When Fraser McLaren left for Peterhead during the summer, there was barely a sense of disappointment around Shielfield but there would have been at least some concern as to how to replace his goalscoring ability. It turned out that Ian “Yano” Little already had what he needed: Scott Dalziel has now settled after arriving from Brechin City in February and has supplemented Darren Lavery’s goal threat expertly. Dalziel’s presence up front has displaced Lavery from the central striking role, and although starting on the flank might not be Lavery’s ideal position, it has allowed him to concentrate on getting on the blind side of defenders to the extent that he has six goals in eight matches. Dalziel himself is contributing to the scorecard too: three goals in the second half of 2012-13 has already been bettered with four goals from eight appearances this term. Perhaps the biggest surprise, however, is the emergence of Kenny O’Brien, who is a strong challenger for Ross Gray’s place on the other wing.
A loss like 0-1 away to the Shire earlier in the season is not an embarrassment, but when Little’s forwards can be negated it is difficult to see where goals can come from. There have been only four different goalscorers so far this campaign, but when Lavery and Dalziel combine as well as they are do, Berwick should be winning more games than they lose and should hope to put up more of a challenge to East Stirlingshire further into the season. JAM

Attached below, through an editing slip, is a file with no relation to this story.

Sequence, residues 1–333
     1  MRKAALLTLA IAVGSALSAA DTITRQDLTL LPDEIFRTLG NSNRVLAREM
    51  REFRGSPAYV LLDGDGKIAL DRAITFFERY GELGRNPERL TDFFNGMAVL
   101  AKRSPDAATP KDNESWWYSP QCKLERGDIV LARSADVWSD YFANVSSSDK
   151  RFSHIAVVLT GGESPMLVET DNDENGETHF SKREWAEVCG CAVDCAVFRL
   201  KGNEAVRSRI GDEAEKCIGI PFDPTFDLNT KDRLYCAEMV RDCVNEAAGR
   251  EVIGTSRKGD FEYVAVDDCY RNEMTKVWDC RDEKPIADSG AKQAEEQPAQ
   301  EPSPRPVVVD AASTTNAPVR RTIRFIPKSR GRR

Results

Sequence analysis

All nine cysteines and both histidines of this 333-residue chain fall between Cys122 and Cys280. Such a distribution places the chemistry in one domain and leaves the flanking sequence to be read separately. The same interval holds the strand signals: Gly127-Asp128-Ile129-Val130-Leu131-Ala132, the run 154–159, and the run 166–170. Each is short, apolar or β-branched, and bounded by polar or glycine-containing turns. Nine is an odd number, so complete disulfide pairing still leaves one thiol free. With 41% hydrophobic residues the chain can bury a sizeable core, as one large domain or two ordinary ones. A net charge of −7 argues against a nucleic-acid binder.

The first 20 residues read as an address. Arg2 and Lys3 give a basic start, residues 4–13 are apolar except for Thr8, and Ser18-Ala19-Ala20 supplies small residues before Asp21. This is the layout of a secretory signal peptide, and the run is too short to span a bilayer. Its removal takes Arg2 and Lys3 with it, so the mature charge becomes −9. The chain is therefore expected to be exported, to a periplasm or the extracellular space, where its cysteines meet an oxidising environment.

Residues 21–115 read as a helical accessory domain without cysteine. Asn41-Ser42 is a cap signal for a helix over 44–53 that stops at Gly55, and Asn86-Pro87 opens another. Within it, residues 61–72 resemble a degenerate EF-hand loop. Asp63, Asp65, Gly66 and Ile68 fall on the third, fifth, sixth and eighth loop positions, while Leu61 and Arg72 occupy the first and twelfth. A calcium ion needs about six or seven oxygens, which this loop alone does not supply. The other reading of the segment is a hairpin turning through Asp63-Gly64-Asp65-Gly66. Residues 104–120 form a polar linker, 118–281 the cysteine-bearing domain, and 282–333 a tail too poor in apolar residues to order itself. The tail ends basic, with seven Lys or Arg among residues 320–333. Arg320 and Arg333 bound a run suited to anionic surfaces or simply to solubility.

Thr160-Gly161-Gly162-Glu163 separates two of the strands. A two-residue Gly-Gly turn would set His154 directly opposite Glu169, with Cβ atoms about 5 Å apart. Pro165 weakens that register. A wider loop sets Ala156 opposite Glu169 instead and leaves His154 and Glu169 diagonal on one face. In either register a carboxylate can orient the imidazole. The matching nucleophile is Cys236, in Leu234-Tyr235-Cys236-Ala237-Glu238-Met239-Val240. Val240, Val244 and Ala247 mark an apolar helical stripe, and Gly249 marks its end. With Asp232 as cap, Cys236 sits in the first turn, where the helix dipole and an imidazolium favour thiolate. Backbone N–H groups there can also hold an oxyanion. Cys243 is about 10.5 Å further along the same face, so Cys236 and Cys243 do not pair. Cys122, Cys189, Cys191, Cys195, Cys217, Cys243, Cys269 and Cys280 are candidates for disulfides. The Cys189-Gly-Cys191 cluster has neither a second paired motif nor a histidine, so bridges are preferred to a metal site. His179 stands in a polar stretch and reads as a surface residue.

Pre-season expectations: following a summer of disarray, as well as having a modest budget and shallow squad, it was difficult to predict anything other than a season at the bottom of the table.
The season so far: three wins and ten points from eight is the least that Clyde deserve.
Jim Duffy’s Clyde sit on equal goal difference to Stirling Albion in eighth place. The Bully Wee have played a match more than the majority of the division, but they do not look out of place in the league’s middle pack. Given that they have probably deserved draws from at least a couple of their losses, and even if they are sitting on the same amount of points as this time last season, Duffy can still take pride in the improvement that his side has shown so far this season in the circumstances.
Losing 0-3 at home to Montrose a couple of weekends ago was probably the low point of the season to date. A similar score conceded to Albion Rovers at the beginning of the campaign makes the results card look worse than the team performance, but on the whole, Clyde have been reasonably competitive to date. Wins at home to Berwick Rangers and Queen’s Park and away to Annan Athletic have been supplemented by the most recent draw with Peterhead, but narrow losses to Elgin City and East Stirlingshire could – and possibly should – have been draws.